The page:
Sunday, May 17, 2015

Bad Monkey

I wonder what it's like in Carl Hiaasen's brain, but I'm sure I want to know.  It's clearly a strange place, full of strange crimes, corrupt developers, noble if off-the-rails reporters and policemen, smart women, crooked politicians, and strange fetishes.  And animals, like the titular Bad Monkey.  The monkey, an unruly former co-star of Johnny Depp, doesn't have much to do with the story.  He's Neville Strafford's pet, at least until the Neville hands him over to the Voodoo Queen in exchange for a curse.  But more about that later.

Bad Monkey starts with a Florida Keys tourist on the Misty Momma IV catching a dismembered arm (which, of course, is giving the finger).  It falls to disgraced sheriff's officer Andrew Yancy to bring the arm to the Miami Medical Examiner's Office for identification.  The arm belongs to Nichols Stripling, a medical supply magnate (he specializes in scooter chairs and Medicaid fraud) who apparently died in a boating accident.  The arm's daughter thinks her stepmother was involved, so she asks Yancy (who has by then been demoted to restaurant inspector, due to his assault of his girlfriend's husband in full view of a cruise ship) to investigate.  When a man in an orange rain poncho murders the first mate from the Misty Momma IV, and a doctor involved in Stripling's fraud commits suicide, Yancy follows the trail to the Bahamas.  Once there, he meets Neville who has given the Voodoo Queen Driggs the monkey in exchange for a curse on the developer to whom Neville's sister sold their land (including Neville's house).

If Bad Monkey sounds a bit sane for a Carl Hiaasen book, it's because I haven't explained Yancy's campaign against the developer who's built a monstrosity on the lot next to his house, Drigg's antics, multiple restaurant inspections, or why the Russian mob helps tie up the loose ends.  It's typical Hiaasen in that respect, with several incredible (and incredibly funny) threads that barely manage to make sense but somehow resolve.  Read it - just not in a place where hysterical laughter might disturb those around you.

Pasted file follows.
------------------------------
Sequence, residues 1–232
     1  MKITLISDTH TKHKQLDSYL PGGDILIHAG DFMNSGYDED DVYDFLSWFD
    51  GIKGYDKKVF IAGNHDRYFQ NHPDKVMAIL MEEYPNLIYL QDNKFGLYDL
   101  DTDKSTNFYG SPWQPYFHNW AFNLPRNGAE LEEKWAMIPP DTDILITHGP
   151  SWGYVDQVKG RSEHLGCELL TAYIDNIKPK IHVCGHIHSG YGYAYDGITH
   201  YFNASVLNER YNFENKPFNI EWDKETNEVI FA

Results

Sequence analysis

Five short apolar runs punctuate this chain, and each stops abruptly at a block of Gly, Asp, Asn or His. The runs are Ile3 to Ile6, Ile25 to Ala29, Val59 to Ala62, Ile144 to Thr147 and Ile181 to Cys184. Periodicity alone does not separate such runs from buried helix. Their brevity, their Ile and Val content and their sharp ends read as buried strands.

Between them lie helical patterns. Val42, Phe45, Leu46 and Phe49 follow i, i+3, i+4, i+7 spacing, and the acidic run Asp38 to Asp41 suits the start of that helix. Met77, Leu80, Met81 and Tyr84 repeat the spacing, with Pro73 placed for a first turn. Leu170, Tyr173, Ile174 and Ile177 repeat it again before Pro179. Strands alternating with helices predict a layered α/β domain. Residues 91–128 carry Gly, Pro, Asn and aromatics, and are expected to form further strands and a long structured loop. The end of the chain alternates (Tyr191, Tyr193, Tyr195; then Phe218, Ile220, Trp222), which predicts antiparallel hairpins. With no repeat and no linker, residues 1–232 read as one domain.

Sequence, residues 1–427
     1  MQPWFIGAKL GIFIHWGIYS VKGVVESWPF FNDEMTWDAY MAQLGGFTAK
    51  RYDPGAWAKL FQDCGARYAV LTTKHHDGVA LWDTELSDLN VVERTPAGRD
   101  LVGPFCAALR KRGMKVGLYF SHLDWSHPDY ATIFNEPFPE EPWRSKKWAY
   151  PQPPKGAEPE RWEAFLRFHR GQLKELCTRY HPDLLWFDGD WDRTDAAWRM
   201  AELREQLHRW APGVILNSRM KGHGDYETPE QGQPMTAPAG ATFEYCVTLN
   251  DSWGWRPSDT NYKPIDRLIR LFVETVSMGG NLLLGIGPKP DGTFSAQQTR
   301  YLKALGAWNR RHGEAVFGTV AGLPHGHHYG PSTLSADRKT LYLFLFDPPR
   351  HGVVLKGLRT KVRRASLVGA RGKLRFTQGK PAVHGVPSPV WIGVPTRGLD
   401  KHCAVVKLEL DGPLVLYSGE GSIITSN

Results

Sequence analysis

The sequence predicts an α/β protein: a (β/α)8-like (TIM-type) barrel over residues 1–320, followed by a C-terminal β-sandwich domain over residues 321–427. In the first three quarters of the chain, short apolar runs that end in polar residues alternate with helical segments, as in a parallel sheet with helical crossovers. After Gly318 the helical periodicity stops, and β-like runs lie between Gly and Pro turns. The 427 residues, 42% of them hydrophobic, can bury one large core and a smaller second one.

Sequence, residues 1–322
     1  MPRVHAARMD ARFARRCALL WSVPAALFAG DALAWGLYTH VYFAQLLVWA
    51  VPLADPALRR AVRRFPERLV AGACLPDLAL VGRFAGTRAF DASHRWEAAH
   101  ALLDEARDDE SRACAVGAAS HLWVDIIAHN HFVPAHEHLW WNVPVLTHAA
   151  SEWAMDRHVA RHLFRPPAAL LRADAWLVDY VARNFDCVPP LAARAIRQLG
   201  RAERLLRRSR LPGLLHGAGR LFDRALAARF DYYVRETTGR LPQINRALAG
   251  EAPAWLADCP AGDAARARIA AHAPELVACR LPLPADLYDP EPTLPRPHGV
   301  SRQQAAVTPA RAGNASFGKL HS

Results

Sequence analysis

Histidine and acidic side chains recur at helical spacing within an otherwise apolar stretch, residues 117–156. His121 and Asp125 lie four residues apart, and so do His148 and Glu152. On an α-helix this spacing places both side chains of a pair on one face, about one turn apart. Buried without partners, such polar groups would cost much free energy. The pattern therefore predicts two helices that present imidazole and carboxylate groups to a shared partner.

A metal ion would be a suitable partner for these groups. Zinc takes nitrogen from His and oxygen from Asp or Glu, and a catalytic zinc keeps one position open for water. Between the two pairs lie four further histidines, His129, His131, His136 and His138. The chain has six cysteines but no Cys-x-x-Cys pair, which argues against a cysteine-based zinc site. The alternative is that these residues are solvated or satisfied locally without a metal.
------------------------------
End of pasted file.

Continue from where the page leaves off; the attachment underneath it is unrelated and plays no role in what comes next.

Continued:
Friday, May 15, 2015

Would You Like a Drink with That Book?

Welcome to Kidderminster Coffee and Tea.  We have a wide selection of books to go with our drinks and light meals.  Grab a cozy mystery to go with your hot cocoa or pick a book and ask us for a snack suggestion.  Here are today’s specials:
Emma by Jane Austen.  Why not have our habanero quesadilla?  Rich, spicy, and the perfect antidote to Mr. Woodhouse’s bowls of gruel.
Introduction to Thermodynamics.  A large pot of coffee, and free refills.  You’ll need it.
The Count of Monte Cristo by Alexander Dumas.  A Monte Cristo.  Personally, I prefer the sandwich to the book.
Babbit by Sinclair Lewis.  We’ll pretend your coffee is whiskey, but only if you tell us Joe sent you.
The Brothers Karamzov by Fydor Dostoyevsky.  Russian Caravan tea, and a pen and paper so you can keep the character names straight (offer applies to most Russian novels).
Don Quixote by Cervantes.  My mother’s coffee cake, because she’s disappointed that I’ve never read it.  Read it in Spanish, and she’ll adopt you.
Hotel Pastis by Peter Mayle.  A crisp baguette, local cheese, and fresh seasonal fruit.  Or something chosen by our chef (she’s a professional and knows what you really want).
Hot Six by Janet Evanovich.  A cupcake, because you know Stephanie should choose Morelli over Ranger.
The Hunger Games trilogy.  Two sandwiches, a large slice of chocolate cake, and an extra large mocha latte.
The Long Winter by Laura Ingalls Wilder.   Iced tea and our summer fruit plate (offer only available when the forecasted high temperature is over 85F).
Anything by Dickens.  A large plate of small cookies.  Read five pages; eat one cookie as a reward (that’s how I got through A Tale of Two Cities).
Dracula by Bram Stoker.  Blood sausages, and a seat away from sunlight.
A Bear Called Paddington by Michael Bond.  Marmalade on toast and a pot of tea (offer only good for Elevenses).

If nothing on our list strikes your fancy, don’t worry.  Our library and menu are extensive enough that by the time you exhaust the potential combinations, a new version of Hamlet will be in preview performances at the primate house.

Monday, May 11, 2015

The Intrigue at Highbury (or, Emma's Match)